Joe Hemstock, who teaches history and science to seventh-grade boys at Jefferson
Middle School, says there’s one other huge benefit of the gender classes. “With only one gender in the classroom, there’s no flirting. You don’t have students putting on makeup, brushing and combing their hair, cleaning
their shoes, etc. With the gender classes, much of the nonsense between boys
and girls ceases to exist, enabling students to focus on their schoolwork.”
Jefferson teachers and administrators are not the only ones praising the gender
classes. Paula McKay credits the program for her son Michael’s current academic success. “Michael really struggled with his grades in elementary school,” stated McKay, who heard about the program from Michael’s sixth-grade teacher. “Once Michael was placed in the gender classes, we began seeing a big difference
in grades. Now he is on the honor roll, and he’s more enthusiastic about school. And Michael, an eighth-grade student who was
also in gender classes last school year, agrees. “I work much better when I’m in classes with just boys. There are no girls to look at or distract me. Now I’m able to focus on my assignments and my grades have gotten a lot better.”
It was almost by accident that Jefferson administrators stumbled into the idea
of single-gender classrooms while attending a conference on various
disciplinary programs. Now, in the second year of a two-year pilot program,
Jefferson joins the ranks of more than 540 public schools across the country
offering classrooms for single genders, with most operating similar to
Jefferson, where lunches and a few electives are coed. Only a handful of
schools in Illinois have single-gender classrooms, including eleven in the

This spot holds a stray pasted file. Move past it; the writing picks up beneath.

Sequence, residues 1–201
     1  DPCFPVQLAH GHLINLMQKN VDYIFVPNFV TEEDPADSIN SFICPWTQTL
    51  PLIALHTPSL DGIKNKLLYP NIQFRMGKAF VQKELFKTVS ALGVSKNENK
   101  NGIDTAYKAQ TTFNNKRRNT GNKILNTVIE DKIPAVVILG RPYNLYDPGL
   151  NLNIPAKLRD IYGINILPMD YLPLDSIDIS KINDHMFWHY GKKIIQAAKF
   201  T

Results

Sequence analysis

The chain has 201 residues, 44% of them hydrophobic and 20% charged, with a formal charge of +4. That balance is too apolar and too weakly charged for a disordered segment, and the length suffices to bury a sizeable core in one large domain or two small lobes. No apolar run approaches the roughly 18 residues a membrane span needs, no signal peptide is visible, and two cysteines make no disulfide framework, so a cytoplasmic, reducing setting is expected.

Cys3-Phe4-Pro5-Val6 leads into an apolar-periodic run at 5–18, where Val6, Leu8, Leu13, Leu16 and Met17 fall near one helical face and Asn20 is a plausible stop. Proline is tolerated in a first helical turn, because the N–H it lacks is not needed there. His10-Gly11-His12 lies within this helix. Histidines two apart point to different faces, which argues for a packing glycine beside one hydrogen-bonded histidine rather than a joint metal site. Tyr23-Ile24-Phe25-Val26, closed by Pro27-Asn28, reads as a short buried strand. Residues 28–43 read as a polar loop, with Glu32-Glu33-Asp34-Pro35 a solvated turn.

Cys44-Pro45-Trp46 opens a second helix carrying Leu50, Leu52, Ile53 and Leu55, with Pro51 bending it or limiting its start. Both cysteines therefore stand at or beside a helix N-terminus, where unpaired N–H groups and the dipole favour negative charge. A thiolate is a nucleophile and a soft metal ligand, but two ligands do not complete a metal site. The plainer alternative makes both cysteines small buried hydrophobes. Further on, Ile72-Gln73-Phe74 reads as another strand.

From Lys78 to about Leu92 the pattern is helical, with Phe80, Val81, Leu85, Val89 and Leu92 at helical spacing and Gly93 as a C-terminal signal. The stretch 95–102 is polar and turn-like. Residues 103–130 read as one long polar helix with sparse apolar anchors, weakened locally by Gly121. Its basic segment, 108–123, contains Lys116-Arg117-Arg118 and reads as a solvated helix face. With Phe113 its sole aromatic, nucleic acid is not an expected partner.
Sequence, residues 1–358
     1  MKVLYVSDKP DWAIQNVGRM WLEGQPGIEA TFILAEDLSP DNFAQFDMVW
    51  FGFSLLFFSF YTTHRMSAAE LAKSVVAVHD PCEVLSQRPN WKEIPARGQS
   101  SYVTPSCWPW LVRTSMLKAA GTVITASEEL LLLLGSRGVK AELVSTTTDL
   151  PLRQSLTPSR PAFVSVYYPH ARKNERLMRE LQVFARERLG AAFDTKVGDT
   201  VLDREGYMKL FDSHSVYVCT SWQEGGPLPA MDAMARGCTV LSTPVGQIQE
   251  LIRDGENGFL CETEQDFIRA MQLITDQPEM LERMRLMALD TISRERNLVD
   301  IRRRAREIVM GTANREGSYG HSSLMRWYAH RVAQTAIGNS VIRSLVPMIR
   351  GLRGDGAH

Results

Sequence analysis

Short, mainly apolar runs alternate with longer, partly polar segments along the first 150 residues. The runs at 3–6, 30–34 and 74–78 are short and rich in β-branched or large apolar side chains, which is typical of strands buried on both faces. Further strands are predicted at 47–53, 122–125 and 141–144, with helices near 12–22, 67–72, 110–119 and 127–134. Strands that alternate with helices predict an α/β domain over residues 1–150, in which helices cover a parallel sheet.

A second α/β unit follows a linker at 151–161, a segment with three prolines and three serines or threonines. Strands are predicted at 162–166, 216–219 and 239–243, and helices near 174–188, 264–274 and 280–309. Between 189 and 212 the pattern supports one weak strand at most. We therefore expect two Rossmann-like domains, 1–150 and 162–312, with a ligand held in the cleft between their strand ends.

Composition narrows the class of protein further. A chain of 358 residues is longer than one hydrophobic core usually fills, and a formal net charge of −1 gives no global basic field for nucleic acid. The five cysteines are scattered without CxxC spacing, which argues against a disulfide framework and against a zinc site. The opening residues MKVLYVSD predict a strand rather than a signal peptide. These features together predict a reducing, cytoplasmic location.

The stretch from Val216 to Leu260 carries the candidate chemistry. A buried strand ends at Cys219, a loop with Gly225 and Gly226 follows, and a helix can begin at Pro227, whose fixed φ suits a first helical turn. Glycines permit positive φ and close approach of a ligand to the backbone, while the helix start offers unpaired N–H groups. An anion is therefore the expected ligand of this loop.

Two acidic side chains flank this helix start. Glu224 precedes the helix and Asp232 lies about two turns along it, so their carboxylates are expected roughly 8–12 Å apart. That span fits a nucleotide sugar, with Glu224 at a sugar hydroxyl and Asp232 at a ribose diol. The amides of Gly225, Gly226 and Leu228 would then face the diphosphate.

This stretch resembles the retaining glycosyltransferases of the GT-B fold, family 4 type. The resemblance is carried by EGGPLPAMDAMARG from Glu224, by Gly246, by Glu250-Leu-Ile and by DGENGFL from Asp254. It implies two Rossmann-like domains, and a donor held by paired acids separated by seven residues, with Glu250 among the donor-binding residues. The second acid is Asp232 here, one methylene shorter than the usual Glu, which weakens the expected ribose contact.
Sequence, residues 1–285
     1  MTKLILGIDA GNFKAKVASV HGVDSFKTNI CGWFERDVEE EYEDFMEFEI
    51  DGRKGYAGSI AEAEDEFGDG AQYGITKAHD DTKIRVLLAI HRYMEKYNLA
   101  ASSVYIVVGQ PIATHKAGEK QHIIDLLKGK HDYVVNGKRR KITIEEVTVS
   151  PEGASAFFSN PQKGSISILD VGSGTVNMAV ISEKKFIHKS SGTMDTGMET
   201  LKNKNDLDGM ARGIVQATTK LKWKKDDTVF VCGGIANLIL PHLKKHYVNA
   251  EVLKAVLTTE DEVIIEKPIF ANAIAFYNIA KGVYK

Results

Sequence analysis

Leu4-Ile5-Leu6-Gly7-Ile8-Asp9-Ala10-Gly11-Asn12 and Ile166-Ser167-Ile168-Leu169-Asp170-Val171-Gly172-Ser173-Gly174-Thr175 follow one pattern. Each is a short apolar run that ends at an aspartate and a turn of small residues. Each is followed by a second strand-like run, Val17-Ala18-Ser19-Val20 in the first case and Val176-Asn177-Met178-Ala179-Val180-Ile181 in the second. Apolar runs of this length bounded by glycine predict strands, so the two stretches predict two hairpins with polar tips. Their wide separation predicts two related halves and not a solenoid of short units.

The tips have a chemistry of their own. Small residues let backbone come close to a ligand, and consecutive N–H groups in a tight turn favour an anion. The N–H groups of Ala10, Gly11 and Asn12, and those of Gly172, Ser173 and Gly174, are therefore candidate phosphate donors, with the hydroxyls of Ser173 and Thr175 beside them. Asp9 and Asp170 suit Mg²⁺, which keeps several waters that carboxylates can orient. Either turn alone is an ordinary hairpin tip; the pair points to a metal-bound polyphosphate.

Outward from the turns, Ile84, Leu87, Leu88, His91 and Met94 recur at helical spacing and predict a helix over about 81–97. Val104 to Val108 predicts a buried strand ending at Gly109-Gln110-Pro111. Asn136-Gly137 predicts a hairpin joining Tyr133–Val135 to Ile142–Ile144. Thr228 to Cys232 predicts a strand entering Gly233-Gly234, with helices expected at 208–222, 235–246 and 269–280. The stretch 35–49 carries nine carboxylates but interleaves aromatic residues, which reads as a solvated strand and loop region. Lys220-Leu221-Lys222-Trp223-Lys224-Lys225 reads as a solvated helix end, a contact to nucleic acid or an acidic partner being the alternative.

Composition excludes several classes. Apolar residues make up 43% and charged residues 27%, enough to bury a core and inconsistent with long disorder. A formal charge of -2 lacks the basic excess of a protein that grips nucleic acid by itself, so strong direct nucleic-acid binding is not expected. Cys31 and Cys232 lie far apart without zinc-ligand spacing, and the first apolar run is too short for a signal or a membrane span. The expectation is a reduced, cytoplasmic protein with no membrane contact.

Chicago area and each of the three middle schools, as well as one high school,
in East St. Louis.
Overall the concept of single-gender classrooms has met with mixed reviews. Some educators across the country tout the benefits of the classes, insisting that a vast majority of the students in the classes are more motivated and focused, have greater academic success, have more self confidence, and are more involved in classroom activities. Many have also shown improvements in subjects that a particular gender tends to avoid. For example, girls tend to shy away from courses such as math, computer science and physics, while boys steer clear of subjects such as art and music. As a result, supporters believe that the gender classes expand educational opportunities, with students considering fields that they may have otherwise thought were off limits.
Others are not so convinced, arguing that there have not been enough studies done to definitively conclude that gender classes lead to greater academic success. Opponents also believe that single-gender classes are a form of segregation and that they hinder students in learning to socialize with those of the opposite gender. They add that the classes reinforce gender roles and threaten some of the advances females have made under Title X, a federal law prohibiting discrimination in schools based on gender. They also argue that not all girls are afraid to ask questions in co-ed courses, such as math and science, and not all boys are reluctant to participate in courses such as art and music. In addition, opponents believe that by separating the genders, schools fail to teach boys and girls to work together.
Nelson admits that gender classes may not be for everyone. “Students enrolled in gender classes can opt out if their parents believe that
the program is not working for their children,” said Nelson. Since gender classes began, only one student has returned to coed
classrooms. Despite the naysayers, Nelson stands by the gender classes,
emphasizing that Jefferson has had nothing but positive results. Nelson has
high hopes for gender classes at Jefferson. “I would love to eventually have all of our classes single gendered,” she said, adding that she hopes that the school will eventually been known as “the single-gender school.”